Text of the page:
While I was in Mexico City, the most populous city in North America, I couldn’t help but think about network effects. As a technologist, I’m quite familiar with network effects on technology platforms like Facebook. But what about cities? Do cities produce positive network effects?
Let’s start with a definition. A network effect means each additional user increases the value of a service. For example, each additional user on a social network (like Facebook) makes it more valuable to the other users. Simply put: if your family is on Facebook, you’re that much more likely to use it and see ads.
Ben Thompson has a bunch of great articles about network effects, for example - The Moat Map.
One of the best metrics to measure whether a platform takes advantage of network effects is the ratio of Lifetime Value (LTV) and Customer Acquisition Cost (CAC). LTV is an estimate of the average value a user will create throughout the whole time they’re going to use the platform. CAC - how much it costs on average to acquire each new user. If a platform takes advantage of network effects, LTV/CAC ratio should increase.
To understand network effects in cities, let’s start with finding a metric. It would be simpler if we could measure LTV for a city. Alas, in a world with distributed companies, that’s quite difficult.
Instead, we can use the average salary. It indirectly captures the economic growth of a city and the average value each of the citizens produces. It’s not flawless as metrics go by any means. Salary depends on the competitive environment for talent and has no direct relationship with created value. But the average salary is as close as we can get to the average value created.
So, is there a relationship between city size and salaries?
Luckily, I found that there’s a bunch of research on this topic. I’ve examined several research papers. They’ve ranged from 1978 to 2011: Income Distribution, City Size, and Urban Growth, Urban Wages: Does City Size Matter?. In the ones I’ve examined, the findings were clear: there’s a positive relationship between city size and wages. Quote from the 2011 research paper:
every additional 100 000 inhabitants in the local labour market raises individual hourly wages by 0.12 per cent. Moreover, a doubling of the human capital density in a metropolitan area results in approximately a 2 per cent increase in average individual hourly wages.
The next question that came to me: does city specialization strengthen network effects in a city? Logically, it should. There are immediate examples that come to mind. Inflation-adjusted income in San Francisco, which specializes in tech, grew 20% in the last 15 years. While there are other tech cities, salaries in San Francisco are exceptionally high.
More people in an area skilled or knowledgeable on a single topic means better knowledge sharing and allows them to invest in better infrastructure for a specific speciality. If a city is specialized in shipping, it makes sense to invest in a great shipyard to continue taking advantage of the network effect.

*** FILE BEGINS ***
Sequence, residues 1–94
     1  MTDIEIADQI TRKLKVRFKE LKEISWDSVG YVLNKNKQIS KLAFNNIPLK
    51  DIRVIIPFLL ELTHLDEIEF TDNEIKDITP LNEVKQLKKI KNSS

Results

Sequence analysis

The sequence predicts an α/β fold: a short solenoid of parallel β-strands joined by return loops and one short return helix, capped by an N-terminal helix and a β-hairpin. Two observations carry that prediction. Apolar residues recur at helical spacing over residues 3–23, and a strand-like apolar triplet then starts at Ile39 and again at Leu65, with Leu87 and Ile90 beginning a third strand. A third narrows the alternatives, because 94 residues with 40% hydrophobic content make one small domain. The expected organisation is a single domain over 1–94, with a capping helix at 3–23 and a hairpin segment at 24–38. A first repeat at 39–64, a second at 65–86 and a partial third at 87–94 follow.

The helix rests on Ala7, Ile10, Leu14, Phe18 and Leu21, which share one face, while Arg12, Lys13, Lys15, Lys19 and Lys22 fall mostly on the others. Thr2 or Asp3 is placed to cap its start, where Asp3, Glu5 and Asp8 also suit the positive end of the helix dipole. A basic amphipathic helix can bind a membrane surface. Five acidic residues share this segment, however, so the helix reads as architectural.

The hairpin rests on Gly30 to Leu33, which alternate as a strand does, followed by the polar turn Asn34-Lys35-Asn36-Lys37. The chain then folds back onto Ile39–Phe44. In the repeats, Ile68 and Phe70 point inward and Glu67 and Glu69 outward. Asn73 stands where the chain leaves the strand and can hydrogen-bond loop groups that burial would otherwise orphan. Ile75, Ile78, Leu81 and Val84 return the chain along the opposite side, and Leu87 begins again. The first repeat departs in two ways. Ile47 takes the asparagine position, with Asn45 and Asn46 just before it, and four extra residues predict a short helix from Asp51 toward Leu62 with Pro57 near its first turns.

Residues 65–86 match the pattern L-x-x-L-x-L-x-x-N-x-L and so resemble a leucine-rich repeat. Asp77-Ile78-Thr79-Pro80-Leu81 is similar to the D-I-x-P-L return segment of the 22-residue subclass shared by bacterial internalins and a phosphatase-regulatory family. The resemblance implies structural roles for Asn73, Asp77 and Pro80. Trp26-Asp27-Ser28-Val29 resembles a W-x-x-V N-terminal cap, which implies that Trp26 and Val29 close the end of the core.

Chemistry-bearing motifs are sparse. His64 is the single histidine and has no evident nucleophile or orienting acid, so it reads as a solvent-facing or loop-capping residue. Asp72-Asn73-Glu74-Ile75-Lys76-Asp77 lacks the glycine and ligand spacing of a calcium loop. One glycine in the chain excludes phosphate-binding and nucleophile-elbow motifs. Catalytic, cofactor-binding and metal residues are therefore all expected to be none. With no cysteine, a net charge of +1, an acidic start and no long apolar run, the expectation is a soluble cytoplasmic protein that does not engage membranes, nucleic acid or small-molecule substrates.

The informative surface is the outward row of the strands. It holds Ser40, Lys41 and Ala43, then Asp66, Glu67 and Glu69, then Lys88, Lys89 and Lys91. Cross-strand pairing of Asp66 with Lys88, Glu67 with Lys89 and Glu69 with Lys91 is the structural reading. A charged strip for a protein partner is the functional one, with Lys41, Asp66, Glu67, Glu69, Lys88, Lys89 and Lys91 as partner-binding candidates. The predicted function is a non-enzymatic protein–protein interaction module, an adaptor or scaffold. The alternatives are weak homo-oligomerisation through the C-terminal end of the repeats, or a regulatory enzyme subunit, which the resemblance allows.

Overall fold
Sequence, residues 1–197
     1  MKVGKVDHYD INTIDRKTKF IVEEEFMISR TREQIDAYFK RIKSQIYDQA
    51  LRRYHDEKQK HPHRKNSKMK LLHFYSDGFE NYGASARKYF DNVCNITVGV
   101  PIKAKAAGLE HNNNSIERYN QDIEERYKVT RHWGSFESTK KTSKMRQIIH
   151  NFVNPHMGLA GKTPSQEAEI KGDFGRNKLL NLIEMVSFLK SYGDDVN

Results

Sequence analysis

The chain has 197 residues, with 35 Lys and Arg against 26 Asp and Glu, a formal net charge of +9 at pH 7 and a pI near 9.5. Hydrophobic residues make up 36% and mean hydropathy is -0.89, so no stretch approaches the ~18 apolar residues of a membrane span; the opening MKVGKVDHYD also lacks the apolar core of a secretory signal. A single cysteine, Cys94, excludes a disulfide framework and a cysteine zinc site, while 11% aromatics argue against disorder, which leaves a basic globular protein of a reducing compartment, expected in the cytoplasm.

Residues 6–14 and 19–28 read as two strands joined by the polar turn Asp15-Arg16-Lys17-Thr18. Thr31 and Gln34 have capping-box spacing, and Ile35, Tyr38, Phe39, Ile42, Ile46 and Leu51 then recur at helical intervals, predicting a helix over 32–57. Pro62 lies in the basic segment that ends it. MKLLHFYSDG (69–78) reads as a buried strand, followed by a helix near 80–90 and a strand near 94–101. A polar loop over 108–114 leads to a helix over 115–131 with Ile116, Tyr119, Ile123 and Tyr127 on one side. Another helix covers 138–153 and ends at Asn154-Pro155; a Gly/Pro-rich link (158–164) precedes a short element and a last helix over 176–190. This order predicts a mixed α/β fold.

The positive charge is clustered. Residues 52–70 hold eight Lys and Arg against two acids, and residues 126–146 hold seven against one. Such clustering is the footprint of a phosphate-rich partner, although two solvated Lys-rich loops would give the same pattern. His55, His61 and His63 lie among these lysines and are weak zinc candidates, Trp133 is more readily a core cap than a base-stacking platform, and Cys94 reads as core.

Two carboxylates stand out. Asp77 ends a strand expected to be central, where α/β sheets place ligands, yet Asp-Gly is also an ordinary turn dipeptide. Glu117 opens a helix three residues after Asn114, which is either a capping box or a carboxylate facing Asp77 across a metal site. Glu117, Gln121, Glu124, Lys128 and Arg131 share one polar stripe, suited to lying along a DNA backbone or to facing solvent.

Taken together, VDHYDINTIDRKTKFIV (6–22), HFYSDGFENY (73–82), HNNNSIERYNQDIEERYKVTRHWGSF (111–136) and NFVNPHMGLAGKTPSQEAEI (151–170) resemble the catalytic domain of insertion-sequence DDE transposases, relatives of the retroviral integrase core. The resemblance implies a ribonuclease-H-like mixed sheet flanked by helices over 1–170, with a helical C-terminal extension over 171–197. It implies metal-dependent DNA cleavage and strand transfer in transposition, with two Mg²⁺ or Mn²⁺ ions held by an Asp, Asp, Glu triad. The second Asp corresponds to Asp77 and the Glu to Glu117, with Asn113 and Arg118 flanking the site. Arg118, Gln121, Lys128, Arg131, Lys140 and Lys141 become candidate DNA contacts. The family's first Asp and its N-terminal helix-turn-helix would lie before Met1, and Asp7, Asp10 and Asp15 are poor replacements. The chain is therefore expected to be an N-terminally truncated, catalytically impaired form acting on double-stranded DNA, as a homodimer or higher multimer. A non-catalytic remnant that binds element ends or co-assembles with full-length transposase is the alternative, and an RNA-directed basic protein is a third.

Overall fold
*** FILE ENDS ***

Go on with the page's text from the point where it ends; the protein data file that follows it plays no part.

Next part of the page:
There’s some research on this topic: Urban Specialization in the World-System. It supports my hunch that city specialization means good things for a city. But there are too few research papers for me to feel fully confident.
Negative network effects also exist. The current COVID-19 pandemic is excellent, and at the same time, a harrowing example of how cities create adverse network effects. If you live in a city, you’re more likely to get the virus. More people in a single location means more traffic and worse air quality. The inability of the already-mentioned San Francisco to invest in housing is another example and drove a well-known housing shortage. More people in a single location is not all good. Investments in the right infrastructure are required to keep the negative effects at bay.
People can also become stuck in a city due to a moat created by network effects. Let’s say that we have a city which specializes in car manufacturing. Great for a while. But then, car manufacturing becomes less important, and there are fewer jobs available. People might not want to leave a city due to network effects - for example, because their whole family and friends are there. Even if, moving away from the location for a big group would be beneficial.
It’s similar to how technology platforms create defensible and enduring moats. There might potentially be better search products than Google out there. But Google takes advantage of more people searching to create the best search results. To give another search product the best chance to compete, a lot of us would have to leave Google to allow another product to strengthens its network effects. We’ll be trapped in Google’s city longer than we’ll need to be.
Knowing all this, what could we do?
Currently, there are more than 30k technologists in Lithuania. 70% of them work in Vilnius. Most of the rest of the 30% - in Kaunas.
Now, before I write the next paragraph, a couple of disclaimers. I love Kaunas. I enjoy visiting, walking down the Freedom Alley and hopping into “Spurginė”. I root for “Žalgiris”.
Considering the network effects, it could be better for Lithuania in the long-term if we’d focus investments into Vilnius. That’s not what currently happening. For example, Invest Lithuania wants to bring more investments into Kaunas. That’s good and better than those investments not arriving at all. But it might not be the right choice long-term. Lithuania might be better off if we’d focus on making one city great, instead of two cities good. Though, emotionally (including for me) that would be a tough choice to make.
Now when everyone in Kaunas hates me… Let’s not forget that network effects are not everything. But they are a lot. Network effects make cities better problem solvers. And as Edward Glaeser wrote, they make cities humanity’s greatest invention. As long as we invest in the right infrastructure.